Area Forecast Discussion
Issued by NWS Grand Rapids, MI

Home | Current Version | Previous Version | Text Only | Print | Product List | Glossary Off
Versions: 1 2 3 4 5 6 7 8 9 10 11 12 13 14 15 16 17 18 19 20 21 22 23 24 25 26 27 28 29 30 31 32 33 34 35 36 37 38 39 40 41 42 43 44 45 46 47 48 49 50

000
FXUS63 KGRR 300940 CCA
AFDGRR

Area Forecast Discussion...CORRECTED
National Weather Service Grand Rapids MI
440 AM EST Wed Nov 30 2016

LATEST UPDATE...
Synopsis/Short Term/Long Term/Marine

.SYNOPSIS...
Issued at 329 AM EST Wed Nov 30 2016

Expect a trend toward cooler weather over the next few days.
Today should see considerable clouds but still mild for this time
of year. Tonight the colder air really starts to move in on west
winds so we will see lake effect rain showers over western
sections into Friday morning. The rain may mix with wet snow at
time during the night time hours both tonight and tomorrow night.

A system moving through the area Sunday may bring a little snow
to the area but accumulations will be limited. A much stronger
system will move through the Great Lakes early next week. That
will bring another warm surge Monday into Tuesday with the threat
of more rain by Tuesday. Much colder weather is expected by late
next week.

&&

.SHORT TERM...(Today through Friday)
Issued at 329 AM EST Wed Nov 30 2016

The main issue with this forecast is the treat for precipitation
that is lake enhanced tonight into Friday morning. One has to
wonder if we will see any snow from this event.

That large slow moving storm system to our west and northwest has
finally moved far enough east to bring the cold air to our door
step (so to say). We will see what will be like a dry surge behind
an occluded front today. An isolated shower or two (seen on the
HRRR) may be possible over eastern sections late morning or early
afternoon as the leading edge of the cold air slowly moves east.

Tonight we finally get into the cold air and this will bring deep
moisture and lift to the area. Given the deep moisture and strong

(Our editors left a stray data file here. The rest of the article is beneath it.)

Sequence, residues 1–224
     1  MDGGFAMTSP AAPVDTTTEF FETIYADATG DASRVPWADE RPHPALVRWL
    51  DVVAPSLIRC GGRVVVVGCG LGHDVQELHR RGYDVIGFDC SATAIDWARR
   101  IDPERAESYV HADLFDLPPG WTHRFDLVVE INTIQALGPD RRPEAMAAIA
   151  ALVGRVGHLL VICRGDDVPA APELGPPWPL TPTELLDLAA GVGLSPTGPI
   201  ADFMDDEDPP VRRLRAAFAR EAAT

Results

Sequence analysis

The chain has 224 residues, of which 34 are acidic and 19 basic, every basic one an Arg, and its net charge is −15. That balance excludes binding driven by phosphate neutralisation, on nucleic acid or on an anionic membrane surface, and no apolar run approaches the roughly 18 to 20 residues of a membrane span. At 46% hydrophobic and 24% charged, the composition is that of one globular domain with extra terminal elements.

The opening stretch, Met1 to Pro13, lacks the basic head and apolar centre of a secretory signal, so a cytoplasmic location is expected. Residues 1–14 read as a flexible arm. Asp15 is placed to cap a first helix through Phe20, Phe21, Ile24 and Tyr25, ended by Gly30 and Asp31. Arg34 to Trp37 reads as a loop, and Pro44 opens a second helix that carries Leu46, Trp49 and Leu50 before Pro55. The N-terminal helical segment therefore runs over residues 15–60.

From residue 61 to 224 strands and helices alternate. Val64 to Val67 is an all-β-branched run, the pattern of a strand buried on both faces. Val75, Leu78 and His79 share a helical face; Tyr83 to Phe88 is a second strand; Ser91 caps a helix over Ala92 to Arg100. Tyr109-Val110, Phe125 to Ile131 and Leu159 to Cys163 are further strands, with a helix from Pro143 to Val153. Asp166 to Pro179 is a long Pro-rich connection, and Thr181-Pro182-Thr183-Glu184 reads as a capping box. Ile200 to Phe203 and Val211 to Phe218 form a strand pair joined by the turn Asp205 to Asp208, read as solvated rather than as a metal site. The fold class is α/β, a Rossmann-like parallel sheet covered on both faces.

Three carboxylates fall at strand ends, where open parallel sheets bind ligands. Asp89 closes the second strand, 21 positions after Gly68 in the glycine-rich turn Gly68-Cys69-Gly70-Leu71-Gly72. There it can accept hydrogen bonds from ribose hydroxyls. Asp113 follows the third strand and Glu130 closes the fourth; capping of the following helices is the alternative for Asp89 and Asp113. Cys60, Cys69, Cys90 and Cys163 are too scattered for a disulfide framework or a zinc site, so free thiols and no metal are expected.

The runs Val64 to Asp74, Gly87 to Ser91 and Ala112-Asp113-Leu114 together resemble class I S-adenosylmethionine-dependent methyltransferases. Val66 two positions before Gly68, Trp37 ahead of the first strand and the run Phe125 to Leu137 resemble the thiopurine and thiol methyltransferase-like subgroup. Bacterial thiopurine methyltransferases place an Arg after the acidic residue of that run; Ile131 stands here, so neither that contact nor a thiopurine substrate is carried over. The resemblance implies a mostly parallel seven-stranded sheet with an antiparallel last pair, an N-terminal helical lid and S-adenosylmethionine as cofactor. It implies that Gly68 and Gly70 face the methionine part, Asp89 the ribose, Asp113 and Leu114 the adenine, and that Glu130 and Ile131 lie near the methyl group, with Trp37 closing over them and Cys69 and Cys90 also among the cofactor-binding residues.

lift, there is no question in my mind, there will be rain showers
after 10 pm that will continue through most Thursday into Thursday
night. This time, unlike on the 19th, will not be nearly as cold,
so the threat for snow will be marginal at best. There is good
lift but it well below the DGZ, so that means mostly rain in this
area. Surface temperatures will have a hard time getting below 35
degrees (needed to really see any snow). The deep moisture is
east of the area by Friday but we still have cold air on a west
wind with nearly saturated air through 5000 ft or so. Thus showers
will continue.


.LONG TERM...(Friday night through Tuesday)
Issued at 329 AM EST Wed Nov 30 2016

With cyclonic flow continuing into the first part of the weekend,
the light lake effect snow showers should also continue.  However
any accums appears to be light, and mainly confined to areas north
of a Whitehall to Clare line.  The flow gradually goes more
anticyclonic by Saturday afternoon when most of the snow showers
should end.

The models are in much better agreement into early next week, no
longer showing any significant storm. A short wave and cold front
should approach the western Great Lakes by Sunday/Sunday night.  We
should begin to see a warm advection snow move into area through the
day. This appears to become mixed with rain across southern Lower,
but may stay snow across Central Lower.  Then as the front comes
through the pcpn should end late Sunday night.  This should be a
quick hitter that may put down a couple inches of snow for areas
that remain all snow.

Good agreement remains through Monday/Monday night as the models
show upper ridging moving in behind the Sunday system.  This will
bring us warmer temps for Monday and Tuesday.  A similar looking
system as Sunday`s should arrive on Tuesday but this time rain looks
more likely, with some snow possible across Central Lower.

.WEEK TWO...(Wednesday through Tuesday)

A change toward a more persistently colder than normal
temperatures is expected during this time frame. This pattern